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Osher Lifelong Learning Institute (50+) pres.

THE COLOR OF OUR SKIN AND THE CONTENT OF OUR POLITICS: EXPLORING THE EFFECTS OF SKIN TONE ON POLICY PREFERENCES AMONG AFRICAN AMERICANS

Vincent L. Hutchings, Professor, U of M

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Dr. Hutchings is Hanes Walton Jr. collegiate Professor of Political Science and Afroamerican and African Studies and a Research Professor at the Institute for Social Research at the University of Michigan. He received his Ph.D. in 1997 from the University of California, Los Angeles. In 2003, he published Public Opinion and Democratic Accountability, from Princeton University Press. In 2012, he was elected as a Fellow to the American Academy of Arts and Sciences.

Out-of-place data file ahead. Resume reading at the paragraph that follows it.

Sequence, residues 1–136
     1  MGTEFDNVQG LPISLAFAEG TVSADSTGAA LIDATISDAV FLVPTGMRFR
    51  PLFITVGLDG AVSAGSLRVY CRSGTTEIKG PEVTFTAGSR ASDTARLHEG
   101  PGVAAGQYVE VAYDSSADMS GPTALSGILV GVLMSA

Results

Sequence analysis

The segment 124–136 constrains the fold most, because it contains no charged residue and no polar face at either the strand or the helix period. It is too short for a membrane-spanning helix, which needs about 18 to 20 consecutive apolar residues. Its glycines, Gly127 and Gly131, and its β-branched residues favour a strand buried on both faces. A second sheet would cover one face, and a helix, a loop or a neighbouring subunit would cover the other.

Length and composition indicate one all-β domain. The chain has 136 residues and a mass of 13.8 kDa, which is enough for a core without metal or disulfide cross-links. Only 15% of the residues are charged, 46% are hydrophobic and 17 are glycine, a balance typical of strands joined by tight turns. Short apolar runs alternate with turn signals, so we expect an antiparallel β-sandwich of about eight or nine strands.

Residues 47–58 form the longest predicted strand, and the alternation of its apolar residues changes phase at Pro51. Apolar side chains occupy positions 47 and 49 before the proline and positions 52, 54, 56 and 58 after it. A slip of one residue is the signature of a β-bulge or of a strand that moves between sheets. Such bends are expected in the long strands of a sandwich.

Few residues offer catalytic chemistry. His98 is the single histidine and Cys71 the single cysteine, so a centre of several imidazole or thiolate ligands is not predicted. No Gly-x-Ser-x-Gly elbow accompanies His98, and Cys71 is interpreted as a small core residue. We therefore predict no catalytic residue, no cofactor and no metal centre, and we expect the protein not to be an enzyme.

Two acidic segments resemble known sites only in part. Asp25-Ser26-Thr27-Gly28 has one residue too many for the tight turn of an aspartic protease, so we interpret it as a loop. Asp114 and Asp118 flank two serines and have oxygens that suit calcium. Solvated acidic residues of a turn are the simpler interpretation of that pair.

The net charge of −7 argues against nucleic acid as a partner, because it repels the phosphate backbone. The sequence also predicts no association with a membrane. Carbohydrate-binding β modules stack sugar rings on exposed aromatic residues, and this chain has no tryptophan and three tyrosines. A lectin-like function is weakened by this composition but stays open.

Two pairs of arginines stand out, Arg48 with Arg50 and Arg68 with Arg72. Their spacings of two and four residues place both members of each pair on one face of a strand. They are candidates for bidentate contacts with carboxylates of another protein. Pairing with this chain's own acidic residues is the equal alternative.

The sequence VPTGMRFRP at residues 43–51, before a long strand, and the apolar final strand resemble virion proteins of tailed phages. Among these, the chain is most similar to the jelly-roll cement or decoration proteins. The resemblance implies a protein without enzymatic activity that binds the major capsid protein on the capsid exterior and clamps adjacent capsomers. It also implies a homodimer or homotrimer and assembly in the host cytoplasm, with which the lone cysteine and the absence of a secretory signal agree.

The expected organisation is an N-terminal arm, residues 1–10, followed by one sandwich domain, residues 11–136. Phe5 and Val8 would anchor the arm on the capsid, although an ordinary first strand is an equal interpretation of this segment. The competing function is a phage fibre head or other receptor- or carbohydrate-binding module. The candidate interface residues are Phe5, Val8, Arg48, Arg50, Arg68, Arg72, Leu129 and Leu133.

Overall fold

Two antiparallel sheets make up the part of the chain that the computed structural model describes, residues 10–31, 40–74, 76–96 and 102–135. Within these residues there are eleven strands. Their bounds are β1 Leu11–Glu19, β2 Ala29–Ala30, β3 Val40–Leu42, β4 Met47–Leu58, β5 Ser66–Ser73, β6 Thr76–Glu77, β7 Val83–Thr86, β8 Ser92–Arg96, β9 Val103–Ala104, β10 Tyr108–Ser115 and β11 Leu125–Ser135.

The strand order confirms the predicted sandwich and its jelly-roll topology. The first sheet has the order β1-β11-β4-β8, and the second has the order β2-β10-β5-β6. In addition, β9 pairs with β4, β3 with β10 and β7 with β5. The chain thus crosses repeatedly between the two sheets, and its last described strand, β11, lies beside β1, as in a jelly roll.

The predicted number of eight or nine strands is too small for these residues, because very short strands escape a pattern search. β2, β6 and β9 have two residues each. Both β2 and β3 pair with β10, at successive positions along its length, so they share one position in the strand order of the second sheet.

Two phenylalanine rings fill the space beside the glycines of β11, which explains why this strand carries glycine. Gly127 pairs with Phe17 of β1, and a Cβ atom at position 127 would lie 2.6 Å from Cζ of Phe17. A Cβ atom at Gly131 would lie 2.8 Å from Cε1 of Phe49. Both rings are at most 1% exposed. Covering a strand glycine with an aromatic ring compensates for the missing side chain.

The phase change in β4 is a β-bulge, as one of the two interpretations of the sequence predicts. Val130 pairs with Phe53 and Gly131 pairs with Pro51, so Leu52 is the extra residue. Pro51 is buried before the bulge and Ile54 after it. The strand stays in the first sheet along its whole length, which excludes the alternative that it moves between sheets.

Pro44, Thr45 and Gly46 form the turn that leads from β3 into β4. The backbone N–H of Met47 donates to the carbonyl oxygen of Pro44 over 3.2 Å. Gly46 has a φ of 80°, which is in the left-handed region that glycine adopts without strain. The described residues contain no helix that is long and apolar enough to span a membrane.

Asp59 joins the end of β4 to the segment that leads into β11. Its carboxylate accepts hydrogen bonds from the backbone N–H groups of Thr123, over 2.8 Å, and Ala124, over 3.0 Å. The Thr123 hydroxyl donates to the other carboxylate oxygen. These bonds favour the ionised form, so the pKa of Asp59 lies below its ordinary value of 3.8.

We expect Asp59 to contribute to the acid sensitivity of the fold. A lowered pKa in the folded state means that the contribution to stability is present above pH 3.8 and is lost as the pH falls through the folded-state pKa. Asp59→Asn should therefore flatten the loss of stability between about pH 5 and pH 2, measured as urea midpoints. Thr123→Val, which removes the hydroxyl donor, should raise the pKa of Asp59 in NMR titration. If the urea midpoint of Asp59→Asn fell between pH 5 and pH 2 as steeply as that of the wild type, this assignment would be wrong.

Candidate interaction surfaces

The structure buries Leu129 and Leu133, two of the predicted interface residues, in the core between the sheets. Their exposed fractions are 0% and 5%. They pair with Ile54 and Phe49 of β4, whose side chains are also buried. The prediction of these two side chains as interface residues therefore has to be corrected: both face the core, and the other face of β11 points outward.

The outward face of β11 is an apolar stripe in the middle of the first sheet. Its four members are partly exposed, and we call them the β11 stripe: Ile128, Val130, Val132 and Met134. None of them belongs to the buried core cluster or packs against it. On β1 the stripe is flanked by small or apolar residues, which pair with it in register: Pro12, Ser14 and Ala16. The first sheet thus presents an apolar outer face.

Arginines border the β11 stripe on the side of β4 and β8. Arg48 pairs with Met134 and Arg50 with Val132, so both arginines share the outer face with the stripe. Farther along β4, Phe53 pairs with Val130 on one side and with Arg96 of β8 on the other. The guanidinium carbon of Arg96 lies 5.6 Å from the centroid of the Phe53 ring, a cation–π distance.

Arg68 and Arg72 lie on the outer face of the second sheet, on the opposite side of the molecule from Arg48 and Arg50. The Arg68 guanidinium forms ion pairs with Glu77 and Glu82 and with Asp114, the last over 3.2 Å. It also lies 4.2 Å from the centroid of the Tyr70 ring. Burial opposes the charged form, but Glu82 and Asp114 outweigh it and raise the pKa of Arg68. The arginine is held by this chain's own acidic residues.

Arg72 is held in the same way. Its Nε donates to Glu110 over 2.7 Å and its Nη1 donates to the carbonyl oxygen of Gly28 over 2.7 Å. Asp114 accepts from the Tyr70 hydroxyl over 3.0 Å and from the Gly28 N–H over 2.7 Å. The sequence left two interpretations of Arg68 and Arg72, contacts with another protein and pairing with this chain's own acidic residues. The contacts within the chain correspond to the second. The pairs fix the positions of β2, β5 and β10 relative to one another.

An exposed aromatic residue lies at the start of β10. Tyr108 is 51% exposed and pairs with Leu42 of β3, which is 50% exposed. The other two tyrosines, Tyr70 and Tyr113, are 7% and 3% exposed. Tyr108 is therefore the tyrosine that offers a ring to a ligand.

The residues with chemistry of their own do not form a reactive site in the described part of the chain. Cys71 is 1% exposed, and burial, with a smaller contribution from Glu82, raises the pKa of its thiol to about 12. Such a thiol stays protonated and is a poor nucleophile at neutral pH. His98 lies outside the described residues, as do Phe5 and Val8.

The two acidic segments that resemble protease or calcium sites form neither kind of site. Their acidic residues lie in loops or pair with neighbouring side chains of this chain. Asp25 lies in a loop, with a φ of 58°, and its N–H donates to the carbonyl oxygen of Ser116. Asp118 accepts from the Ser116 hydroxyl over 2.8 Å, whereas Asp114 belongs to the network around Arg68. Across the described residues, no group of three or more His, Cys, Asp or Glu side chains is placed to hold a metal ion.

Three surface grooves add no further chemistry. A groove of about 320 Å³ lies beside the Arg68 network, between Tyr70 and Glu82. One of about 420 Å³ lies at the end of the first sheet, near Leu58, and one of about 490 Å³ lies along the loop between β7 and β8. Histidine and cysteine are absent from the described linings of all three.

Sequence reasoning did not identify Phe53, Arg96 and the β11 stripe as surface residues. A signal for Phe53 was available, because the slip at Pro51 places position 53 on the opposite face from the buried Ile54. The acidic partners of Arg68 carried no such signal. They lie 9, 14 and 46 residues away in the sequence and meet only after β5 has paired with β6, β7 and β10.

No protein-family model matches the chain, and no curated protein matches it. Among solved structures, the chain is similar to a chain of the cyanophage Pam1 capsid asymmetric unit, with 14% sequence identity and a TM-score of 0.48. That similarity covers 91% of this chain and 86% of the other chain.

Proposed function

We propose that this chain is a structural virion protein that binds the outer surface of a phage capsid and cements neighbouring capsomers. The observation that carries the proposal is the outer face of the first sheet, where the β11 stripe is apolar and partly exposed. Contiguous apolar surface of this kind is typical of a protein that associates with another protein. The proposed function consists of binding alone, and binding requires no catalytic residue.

Scholars have established that darker-skinned African Americans have lower incomes, encounter more discrimination, and have poorer health outcomes than lighter-skinned Blacks. However, it is unclear whether skin color is associated with political views. We revisit this question by relying on survey data from the 2012 American National Election Study (ANES). We find significant skin tone related differences among Blacks on economic redistribution, explicitly racial policies, and support for racial stereotypes.

This is the lastof a six-lecture series. The subject is The African American Experience.
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Cost

  • $10 for an individual lecture, payable at the door, checks preferred. $30 for the entire lecture series. $20 OLLI membership required.
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